It's on that well-known fake news site, The Giradanu. I'm only surprised they didn't manage to weave in a reference to the Paradise Papers.
Hillary's campaign spent $1.4 billion on the presidential election (Trump about $750 million). Coca-Cola spends $4 billion every year to persuade people to buy their fizzy water. The notion that the Russians could swing an election with a few hundred tweets is a risible conspiracy theory (unless you're desperately seeking someone to blame for your own incompetence).
Re: The British Airways LCY to JFK route is just silly.
But clearing US immigration in Shannon means you arrive into JFK as a domestic flight, and avoid the hellhole that is JFK immigration. Some flights from the Gulf pull the same trick.
Re: No change
Every time I start an ICE I create external costs for everyone, that are way way worse than those that come from an electric car.
In the UK roughly 2/3 of the price of fuel goes in taxes. I think that ought to cover any externalities.
Re: In before the smartarses going "what's new?", "we all knew this already", etc....
Puritanism. The haunting fear that someone, somewhere, may be happy.
H L Mencken
I'm off to get my five a day. Cheers!
Hey, you know why it's called the iPhone X? When you see Apple's repair bill, your response will be X-rated
If God did not want them sheared, he would not have made them sheep.
We have always been at war with Eastasia.
I can see there may be some point to marketing bullcrap if you produce consumer goods, such as fish fingers or cars. But has anyone ever selected an IT service provider because they had a pretty logo?
IBM have their faults, but at least they kept the same logo for decades at a time.
"So my village, probably to get me off their back, they came in and put FTTP in of 300Mbps. It's amazing, but then there is a gap between people taking it up and availability. Actually, largely that's because operators don't tell people it's available."
There will probably (and correctly, in my view) be a higher charge for the higher speed. If the alternative is 2Mbps, most people will pay, but if they can already get 20Mbps, why would they* pay extra for 300Mbps?
* Yes, I'm sure there are some exceptional use cases, and that many of them read elReg. I pay a few extra quid a month for 100Mbps VDSL rather than 17Mbps ADSL+ - but I'm fortunate that I don't have to choose between higher speeds and food/housing.
With apologies for uber-pedantry
Efficient modern engines use 2 or 3 fan stages
True, but only the first stage is used for bypass thrust, and hence can be considered analogous to a traditional propeller. The other stages compress the air prior to ignition.
if the [turboprop] blades are rotating, pedestrians need to avoid walking into them
And if turbofan blades are rotating, pedestrians need to avoid walking within several metres of them.
Re: Main benefit of HS2?
Chiltern trains are limited by the length of the platforms. They've been busy extending many stations, just to get from 6-car to 7-car trains.
The West Coast Main Line, which HS2 will mostly duplicate, is at near full capacity during morning peak hours on its southern stretches
I call bollocks. The WCML is far from the most crowded of the lines into London. What 'independent' consultants showed was that if you cherry pick your data and forecast it forward for a decade and a half, you can show that there will be capacity issues. But if the purpose of HS2 is to relieve (potential, future) bottlenecks, there are far, far cheaper ways of doing this. They don't generate cushy non-executive directorships for retired politicians and civil servants, though.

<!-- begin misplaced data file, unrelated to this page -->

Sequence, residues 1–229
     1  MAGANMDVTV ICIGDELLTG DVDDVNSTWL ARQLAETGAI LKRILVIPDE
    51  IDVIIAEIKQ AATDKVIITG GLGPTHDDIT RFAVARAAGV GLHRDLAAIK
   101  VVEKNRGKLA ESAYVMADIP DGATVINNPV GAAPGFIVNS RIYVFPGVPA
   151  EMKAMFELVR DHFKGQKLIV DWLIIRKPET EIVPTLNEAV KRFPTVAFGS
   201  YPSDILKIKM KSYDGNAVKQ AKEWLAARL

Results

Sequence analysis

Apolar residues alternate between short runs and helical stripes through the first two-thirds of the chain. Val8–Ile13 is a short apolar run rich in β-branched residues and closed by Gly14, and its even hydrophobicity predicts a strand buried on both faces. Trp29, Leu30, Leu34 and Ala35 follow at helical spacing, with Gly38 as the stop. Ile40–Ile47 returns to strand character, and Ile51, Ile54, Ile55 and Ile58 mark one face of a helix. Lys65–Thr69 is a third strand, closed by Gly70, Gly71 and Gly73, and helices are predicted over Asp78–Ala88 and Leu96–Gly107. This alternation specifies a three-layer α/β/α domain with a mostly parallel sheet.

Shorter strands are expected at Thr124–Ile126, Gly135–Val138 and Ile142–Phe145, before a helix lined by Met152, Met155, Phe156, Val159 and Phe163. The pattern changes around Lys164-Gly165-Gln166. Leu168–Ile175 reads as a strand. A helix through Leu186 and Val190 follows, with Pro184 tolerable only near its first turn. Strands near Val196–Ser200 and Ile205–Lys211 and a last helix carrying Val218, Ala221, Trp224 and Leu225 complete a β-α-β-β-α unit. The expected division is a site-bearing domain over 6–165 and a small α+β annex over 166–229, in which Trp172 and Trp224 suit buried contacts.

When the history of the 21st century comes to be written, HS2 will feature in similar terms to the East Africa Groundnut Scheme.
That EU 'protection' was in place when all this happened. It did a whole lot of nothing. Quelle surprise.
Re: More bullshit
Hillary's campaign alone spent $1.4 billion (Trump a bit less than a billion). Even if these numbers for an alleged Russian spend are real, and represent only 1% of the true amount ... that's still just a rounding error.
In 2004, the Guardian urged its readers to write to constituents in marginal Ohio, in an effort to swing the presidential election against Bush. I don't recall any howls that the evil Brits were trying to steal that campaign. And it worked so well, too.
I suspect in future we'll see near-continuous tracking via the satcomms, whether that will be fault resilient and tamper proof who knows.
Whatever systems we build (or retrofit) into aircraft, there will always need to be a simple means of switching them off - you need circuit breakers that can swiftly be pulled in case a fault develops that could turn into a fire and threaten the aircraft. So someone who knows what they're doing will always be able to disable them.
"The Shiva physiotherapist massages with her own hands" – it says here, proving that workplace gender neutrality has yet to reach The Netherlands
Dutch (like many languages) has gendered nouns, so it's easy for an unsophisticated (or automated) translation to carry across the gender of pronouns, resulting in something that isn't quite fluent English.
Re: @Steve Evans
The whole concept is bonkers (unless they're in possession of some technology beyond the currently understood laws of physics). Electric cars work well (up to a point), but they're massively heavy because they're full of batteries. On a surface vehicle this isn't an insuperable obstacle, but aircraft designers grapple constantly with how to shed every excess pound. An aircraft (even a personal one*) with sufficient battery power for an hour's duration flight would be far too massive to get off the ground.
* Unless you're looking at something like the Gossamer Albatross or the Solar Impulse - but they're no-ones idea of a prototype airliner. A top speed of 75 kts would be a bit of a drawback, for a start.